Wednesday, July 23, 2008

Time and Money, Part 1

For years, one of my off-and-on areas of interest has been "Time Management." I've been using a DayTimer for over 20 years, and I have read pretty voraciously on the topic of how to make the most of limited time. I'm getting on that kick again as the new school year looms, and just wanted to share a couple of thoughts "out loud."

One of the more common formulations in TM books is that we all have only 24 hours (or 86,400 seconds) per day credited to our account, and they all evaporate at the end of that period. Nobody has "more" time, nor less. You can't bank it for later (although, arguably, you can "invest" time in activities like planning that then pay back "with interest" later on in the day or week). Therefore, time, like money should be carefully budgeted.

It seems to me that this is a pretty good formulation for most grown-up people with "regular" jobs. Barring a couple of weeks' vacation, Joe Normal may spend 7-8 hours sleeping, 8+ hours working, and therefore have only 8-ish hours remaining for everything else from a shower, a shave, three meals, two commutes and all other discretionary activities put together. Of course, weekends have their own rhythym, with chores and church, etc. However, I'm not normal (insert sarcastic comment here).

I think that in the category of time, much like money, the trick to a budget is neither how much you make (and in the case of money, that's fixed anyway), nor how much you spend, but rather how much difference there is between the two. Spend it all, you're broke. But a big chunk "left over" makes you rich. In money terms, you can be broke making six figures, and rich making very little. As a teacher, the summer is a period when my time "income" stays the same 168 hours a week as everybody else, but the "bills" are very low, as I don't have to spend my usual 8 (really more like 10-11) hours at work every day. I'm quite wealthy in time-terms during June, July and August. Want to take a nap? Cool. Want to read a novel by the pool? Great. Want to paint the back hallway? Let's sleep till 8 AM and paint around 9, after a leisurely breakfast.

But all that changes, and rapidly, when school starts back up. In money terms, it's like suddenly taking on a new jumbo mortgage. Suddenly there's a 50+ hour work-week and a twice-daily commute, in addition to the other necessities of life. And even some of those necesities are multiplied. I know I'm not engendering much sympathy here, but in the summer, I only shave about twice a week. That goes to six days from late August through May.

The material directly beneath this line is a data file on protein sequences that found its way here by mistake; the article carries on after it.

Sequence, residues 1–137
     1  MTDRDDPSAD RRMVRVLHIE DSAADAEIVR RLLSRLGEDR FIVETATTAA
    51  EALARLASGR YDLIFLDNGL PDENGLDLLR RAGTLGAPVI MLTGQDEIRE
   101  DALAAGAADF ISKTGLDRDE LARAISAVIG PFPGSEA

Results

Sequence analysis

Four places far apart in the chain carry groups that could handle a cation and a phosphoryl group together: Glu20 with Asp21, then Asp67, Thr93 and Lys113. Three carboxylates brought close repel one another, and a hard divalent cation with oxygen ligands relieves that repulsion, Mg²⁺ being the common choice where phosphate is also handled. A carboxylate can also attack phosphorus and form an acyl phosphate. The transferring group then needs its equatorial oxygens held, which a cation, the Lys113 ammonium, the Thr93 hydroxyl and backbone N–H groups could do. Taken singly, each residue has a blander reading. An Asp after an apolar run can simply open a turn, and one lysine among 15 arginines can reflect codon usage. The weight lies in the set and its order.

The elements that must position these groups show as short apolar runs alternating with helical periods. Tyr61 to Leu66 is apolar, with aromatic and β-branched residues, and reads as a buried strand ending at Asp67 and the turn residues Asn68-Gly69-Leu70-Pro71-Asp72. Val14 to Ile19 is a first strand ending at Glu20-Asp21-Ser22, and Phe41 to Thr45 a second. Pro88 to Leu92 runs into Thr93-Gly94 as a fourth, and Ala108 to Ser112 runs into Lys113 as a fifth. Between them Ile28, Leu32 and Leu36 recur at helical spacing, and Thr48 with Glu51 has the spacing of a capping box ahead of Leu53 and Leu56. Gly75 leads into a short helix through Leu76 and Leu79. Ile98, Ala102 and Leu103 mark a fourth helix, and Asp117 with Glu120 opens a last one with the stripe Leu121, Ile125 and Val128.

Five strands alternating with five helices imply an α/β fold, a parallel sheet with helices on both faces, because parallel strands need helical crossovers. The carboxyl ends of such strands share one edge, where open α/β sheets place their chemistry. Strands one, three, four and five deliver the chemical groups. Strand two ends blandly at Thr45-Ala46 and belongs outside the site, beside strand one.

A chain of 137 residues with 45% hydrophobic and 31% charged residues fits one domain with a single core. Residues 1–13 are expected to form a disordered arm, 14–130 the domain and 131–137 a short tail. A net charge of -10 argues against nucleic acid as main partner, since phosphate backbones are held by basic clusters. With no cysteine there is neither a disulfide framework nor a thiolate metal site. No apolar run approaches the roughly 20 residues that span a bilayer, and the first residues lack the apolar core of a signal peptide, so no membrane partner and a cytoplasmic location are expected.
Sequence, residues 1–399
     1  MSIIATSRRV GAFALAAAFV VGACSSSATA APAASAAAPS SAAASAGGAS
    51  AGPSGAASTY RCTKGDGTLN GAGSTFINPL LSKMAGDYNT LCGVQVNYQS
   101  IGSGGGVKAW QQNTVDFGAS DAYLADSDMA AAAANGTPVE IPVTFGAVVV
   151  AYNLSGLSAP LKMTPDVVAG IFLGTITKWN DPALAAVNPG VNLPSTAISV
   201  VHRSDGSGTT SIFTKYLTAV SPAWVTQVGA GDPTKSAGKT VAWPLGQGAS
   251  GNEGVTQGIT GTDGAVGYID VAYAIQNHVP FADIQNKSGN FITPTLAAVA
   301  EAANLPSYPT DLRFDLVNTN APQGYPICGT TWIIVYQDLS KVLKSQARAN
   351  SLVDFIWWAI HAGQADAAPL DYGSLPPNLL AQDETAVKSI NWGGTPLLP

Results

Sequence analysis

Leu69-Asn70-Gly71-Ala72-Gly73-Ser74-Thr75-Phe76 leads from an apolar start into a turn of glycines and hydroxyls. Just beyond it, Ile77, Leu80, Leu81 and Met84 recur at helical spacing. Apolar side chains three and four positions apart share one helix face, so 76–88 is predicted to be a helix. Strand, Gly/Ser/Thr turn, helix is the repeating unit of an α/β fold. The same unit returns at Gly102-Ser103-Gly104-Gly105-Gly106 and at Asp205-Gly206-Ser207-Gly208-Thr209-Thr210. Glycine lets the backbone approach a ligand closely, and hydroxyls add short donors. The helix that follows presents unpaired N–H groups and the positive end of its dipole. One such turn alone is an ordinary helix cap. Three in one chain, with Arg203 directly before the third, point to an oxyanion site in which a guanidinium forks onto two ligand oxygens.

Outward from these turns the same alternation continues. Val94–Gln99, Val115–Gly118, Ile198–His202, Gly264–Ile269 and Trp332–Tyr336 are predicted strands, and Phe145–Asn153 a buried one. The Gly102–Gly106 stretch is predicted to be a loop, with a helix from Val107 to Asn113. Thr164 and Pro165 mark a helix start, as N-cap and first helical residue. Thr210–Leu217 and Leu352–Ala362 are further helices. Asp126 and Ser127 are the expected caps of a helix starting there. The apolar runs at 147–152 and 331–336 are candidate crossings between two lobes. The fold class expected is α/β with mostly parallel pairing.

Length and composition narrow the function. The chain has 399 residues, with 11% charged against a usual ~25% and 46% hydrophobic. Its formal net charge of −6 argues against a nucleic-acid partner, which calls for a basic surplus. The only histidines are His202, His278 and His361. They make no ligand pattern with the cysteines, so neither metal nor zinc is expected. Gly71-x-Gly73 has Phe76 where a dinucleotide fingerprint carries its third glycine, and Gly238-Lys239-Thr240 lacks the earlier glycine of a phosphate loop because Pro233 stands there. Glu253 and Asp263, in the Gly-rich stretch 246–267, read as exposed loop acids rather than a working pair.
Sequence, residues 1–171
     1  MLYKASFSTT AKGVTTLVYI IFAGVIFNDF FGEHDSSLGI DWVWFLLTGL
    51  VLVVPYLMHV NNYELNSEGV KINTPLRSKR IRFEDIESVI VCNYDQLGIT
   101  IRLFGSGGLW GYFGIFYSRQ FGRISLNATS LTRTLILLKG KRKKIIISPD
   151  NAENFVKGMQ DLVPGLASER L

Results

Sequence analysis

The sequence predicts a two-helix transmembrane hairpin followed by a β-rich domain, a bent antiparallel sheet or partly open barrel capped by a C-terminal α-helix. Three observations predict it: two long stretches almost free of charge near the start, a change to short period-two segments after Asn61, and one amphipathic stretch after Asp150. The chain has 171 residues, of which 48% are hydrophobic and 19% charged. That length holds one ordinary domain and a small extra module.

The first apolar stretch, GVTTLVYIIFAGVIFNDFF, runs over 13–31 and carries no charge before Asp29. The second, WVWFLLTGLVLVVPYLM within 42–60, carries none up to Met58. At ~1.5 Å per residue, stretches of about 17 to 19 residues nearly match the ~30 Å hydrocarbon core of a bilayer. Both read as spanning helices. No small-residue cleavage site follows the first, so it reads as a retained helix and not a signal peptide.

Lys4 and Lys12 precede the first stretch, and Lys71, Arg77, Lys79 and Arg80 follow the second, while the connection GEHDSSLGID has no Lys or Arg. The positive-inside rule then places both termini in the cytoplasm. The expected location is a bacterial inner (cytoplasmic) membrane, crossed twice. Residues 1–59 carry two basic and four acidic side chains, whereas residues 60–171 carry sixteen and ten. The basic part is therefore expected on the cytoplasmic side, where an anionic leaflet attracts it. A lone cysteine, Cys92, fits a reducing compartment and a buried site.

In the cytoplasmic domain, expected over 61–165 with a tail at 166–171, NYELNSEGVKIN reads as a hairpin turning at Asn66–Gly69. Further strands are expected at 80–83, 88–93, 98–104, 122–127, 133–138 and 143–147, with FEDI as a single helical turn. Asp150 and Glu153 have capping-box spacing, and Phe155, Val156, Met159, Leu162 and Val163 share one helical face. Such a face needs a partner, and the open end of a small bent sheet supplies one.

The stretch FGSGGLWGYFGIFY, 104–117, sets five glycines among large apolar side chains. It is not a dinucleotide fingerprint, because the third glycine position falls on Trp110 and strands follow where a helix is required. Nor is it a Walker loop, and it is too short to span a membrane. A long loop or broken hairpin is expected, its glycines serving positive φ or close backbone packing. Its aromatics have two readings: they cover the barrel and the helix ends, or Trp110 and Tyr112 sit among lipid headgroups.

Anyway, I am starting to hear the footseps of the school year closing in on me again, which has led me back to thinking about time and how to make the most of it. Over the next few days, I intend to post a few thoughts about time and quality of life.


bekster said...

Something that really gets me is that I not only have to figure out WHAT I need to on what day but WHEN during the day it makes the most sense to do it. Some things that need to be done are really not that hard, BUT if I have to do them either 1) when I just wake up, 2) directly after a hard day of work, or 3) right before I go to bed, it makes them extremely annoying. If I plan to do something on a continuous basis during one of those times, I will eventually fall off the bandwagon. It's too bad that leaves very little other time left to do the stuff...

BTW, when does school start for you? Also, did you ever find/replace your day-timer?

MichaelPolutta said...

Natalie has been deep in school planning, so I hear you on "hearing the footsteps."

I put an anniversary post up today on my blog. Check it out.

I need to improve my time management - but I think a lot of that would flow naturally from clearer and more consistent thought processes regarding my goals and priorities. Too much "tyranny of the urgent" in my life. Well, that and too much selfish laziness...

Pete said...

I was going to jokingly make a comment about wasting time on blogs... but then, that would be a waste of time... wouldn't it.